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Build your customer base by keeping it real

The local e-Commerce market, which has evolved from the humble blogshops to online retailers and massive online marketplaces, is expected to be worth S$7.5 billion by 2026, according to a Gov.sg report in 2016. Consumers are given access to a wider range of products at lower prices, with the added convenience of having purchases delivered right to their doorstep. Digital disruption is creating empowered, informed consumers who shop anytime and anywhere.

Between increased competition and discerning customers, how can your business stand out? By having a stellar customer experience.

Businesses are often so focused on growing their pool of clientele, that in their quest for new customers, they may tend to neglect their existing customers. However, Invesp found it costs five times as much to attract a new customer, than to keep an existing one.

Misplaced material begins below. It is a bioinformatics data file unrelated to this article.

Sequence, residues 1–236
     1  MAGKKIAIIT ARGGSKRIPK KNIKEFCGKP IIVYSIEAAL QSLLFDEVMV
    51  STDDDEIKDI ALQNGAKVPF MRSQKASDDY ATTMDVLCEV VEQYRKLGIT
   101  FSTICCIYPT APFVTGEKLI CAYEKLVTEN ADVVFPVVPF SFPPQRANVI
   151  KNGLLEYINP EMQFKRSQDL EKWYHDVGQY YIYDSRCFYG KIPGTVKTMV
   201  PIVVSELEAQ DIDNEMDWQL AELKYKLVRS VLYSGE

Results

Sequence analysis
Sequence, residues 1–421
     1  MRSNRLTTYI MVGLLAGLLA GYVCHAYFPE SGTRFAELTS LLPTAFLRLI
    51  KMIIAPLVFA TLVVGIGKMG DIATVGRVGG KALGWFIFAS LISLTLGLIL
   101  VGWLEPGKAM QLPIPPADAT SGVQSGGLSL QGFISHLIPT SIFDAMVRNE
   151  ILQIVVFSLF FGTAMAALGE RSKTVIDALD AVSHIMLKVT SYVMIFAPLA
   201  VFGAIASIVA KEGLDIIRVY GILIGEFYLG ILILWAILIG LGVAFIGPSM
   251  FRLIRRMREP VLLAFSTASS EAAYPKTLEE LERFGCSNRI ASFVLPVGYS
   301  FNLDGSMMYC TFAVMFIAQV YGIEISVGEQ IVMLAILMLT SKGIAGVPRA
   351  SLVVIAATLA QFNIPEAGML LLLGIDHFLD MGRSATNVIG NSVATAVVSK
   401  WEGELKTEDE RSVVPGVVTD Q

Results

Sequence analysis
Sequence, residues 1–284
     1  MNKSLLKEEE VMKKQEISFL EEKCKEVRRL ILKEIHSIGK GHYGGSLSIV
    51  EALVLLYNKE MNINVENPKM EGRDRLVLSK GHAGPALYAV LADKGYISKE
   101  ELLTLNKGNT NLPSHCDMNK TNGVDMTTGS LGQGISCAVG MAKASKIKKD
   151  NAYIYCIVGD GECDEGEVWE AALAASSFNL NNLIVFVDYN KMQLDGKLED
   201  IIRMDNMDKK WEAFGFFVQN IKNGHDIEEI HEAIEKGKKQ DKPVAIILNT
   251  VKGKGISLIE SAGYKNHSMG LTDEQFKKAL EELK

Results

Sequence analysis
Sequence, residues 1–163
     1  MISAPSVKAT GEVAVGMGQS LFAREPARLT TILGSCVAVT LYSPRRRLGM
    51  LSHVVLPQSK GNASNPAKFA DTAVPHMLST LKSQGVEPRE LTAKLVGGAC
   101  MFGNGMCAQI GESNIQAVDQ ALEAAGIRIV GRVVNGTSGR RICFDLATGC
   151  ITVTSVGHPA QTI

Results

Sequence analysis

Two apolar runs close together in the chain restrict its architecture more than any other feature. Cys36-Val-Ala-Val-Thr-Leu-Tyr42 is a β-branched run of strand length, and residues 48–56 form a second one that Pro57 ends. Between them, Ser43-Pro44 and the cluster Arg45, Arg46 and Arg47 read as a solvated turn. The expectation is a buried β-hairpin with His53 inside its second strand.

The importance of customer experience as a competitive advantage continues to grow. Brands have to master the balancing act of building loyalty among current customers and offering services that brings new customers in the door. Here are five tips that can help maintain the equilibrium.

1. Humanise your brand
People trust the people behind companies. If you aren’t showing the human side of your brand, you aren’t giving potential customers the opportunity to build trust and loyalty with the people and ideas that make your business a reality.

Connect with your customers on social media, and be consistent with your engagement. Commit time every day to monitor your social media accounts and respond to brand mentions and enquiries. Smart customer responses can help improve your online reputation.

If you’re unsure where to begin, why not consider Facebook Live or Instagram Stories? Videos can help put a face behind products and services, which help customers relate on a more personal level with your brand. On Instagram Stories, you can even add a “Swipe Up” function with a call to action or to direct the consumers to your website.

2. Share a cause